Topic: Wrongful Convictions: Causes and Obstacles to Freeing Victims
As a result of many DNA exonerations, the public is now aware that the criminal justice system makes mistakes and many innocent people have been wrongfully convicted and imprisoned. The California Innocence Project has been dealing with this problem for decades by undoing these mistakes as well as advocating criminal justice reform to prevent and better enable these mistakes to be discovered and remedied.
Professor Jan Stiglitz is a 1975 graduate of Albany Law. He began his teaching career at California Western School of Law in 1980, after receiving his LL.M. from Harvard Law School.
While on the faculty at California Western, Professor Stiglitz also represented numerous individuals who were appealing their criminal convictions. In 1999, Professor Stiglitz, along with Professor Justin Brooks, founded the California Innocence Project. The Project’s mission is to seek the exoneration of those who have been wrongfully convicted and to effect changes in the law and in police practices which will prevent wrongful convictions.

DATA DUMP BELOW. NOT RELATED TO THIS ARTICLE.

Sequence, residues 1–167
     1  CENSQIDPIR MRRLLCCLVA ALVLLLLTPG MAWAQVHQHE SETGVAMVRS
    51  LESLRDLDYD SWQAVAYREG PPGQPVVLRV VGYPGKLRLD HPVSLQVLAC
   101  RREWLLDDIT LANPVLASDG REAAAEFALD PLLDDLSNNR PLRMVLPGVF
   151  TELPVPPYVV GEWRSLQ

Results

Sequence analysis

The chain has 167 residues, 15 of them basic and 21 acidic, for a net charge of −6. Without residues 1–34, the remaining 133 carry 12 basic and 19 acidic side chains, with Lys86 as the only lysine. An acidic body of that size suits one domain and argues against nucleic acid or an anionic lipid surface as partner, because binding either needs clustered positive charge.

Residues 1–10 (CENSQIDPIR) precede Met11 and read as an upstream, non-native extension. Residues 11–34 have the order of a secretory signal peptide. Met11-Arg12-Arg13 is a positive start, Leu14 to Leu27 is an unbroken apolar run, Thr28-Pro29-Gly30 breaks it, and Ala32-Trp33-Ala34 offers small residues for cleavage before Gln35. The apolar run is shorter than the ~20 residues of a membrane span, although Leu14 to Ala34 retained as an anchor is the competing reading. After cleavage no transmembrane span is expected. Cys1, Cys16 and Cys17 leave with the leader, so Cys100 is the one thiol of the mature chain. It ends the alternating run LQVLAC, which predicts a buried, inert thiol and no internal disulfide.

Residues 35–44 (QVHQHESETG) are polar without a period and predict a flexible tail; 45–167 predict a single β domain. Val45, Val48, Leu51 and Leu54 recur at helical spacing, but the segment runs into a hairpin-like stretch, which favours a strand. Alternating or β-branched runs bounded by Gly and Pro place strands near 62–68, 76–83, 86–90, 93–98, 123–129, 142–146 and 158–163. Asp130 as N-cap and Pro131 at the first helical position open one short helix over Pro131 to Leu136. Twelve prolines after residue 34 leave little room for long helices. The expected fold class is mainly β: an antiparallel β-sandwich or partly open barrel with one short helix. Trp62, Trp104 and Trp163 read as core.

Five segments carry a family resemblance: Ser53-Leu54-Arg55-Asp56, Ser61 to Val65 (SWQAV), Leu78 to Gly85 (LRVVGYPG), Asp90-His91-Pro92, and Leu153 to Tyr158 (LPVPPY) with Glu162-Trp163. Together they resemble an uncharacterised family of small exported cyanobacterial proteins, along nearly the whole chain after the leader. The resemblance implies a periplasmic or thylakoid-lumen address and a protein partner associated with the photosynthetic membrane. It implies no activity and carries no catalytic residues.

In his work as Co-Directer of the Project, Professor Stiglitz has appeared in federal and state courts throughout California, including the 9th Circuit Court of Appeals and the California Supreme Court. His work in the Project has earned him two California Lawyer of the Year Awards.
Professor Stiglitz has recently stepped down as Co-Director of the Innocence Project and retired from California Western. He is now representing some California Innocence Project exonerees in civil litigation seeking compensation